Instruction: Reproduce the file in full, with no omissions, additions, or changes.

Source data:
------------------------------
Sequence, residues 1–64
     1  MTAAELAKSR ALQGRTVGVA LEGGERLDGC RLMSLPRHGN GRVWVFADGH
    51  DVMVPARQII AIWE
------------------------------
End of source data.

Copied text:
Sequence, residues 1–64
     1  MTAAELAKSR ALQGRTVGVA LEGGERLDGC RLMSLPRHGN GRVWVFADGH
    51  DVMVPARQII AIWE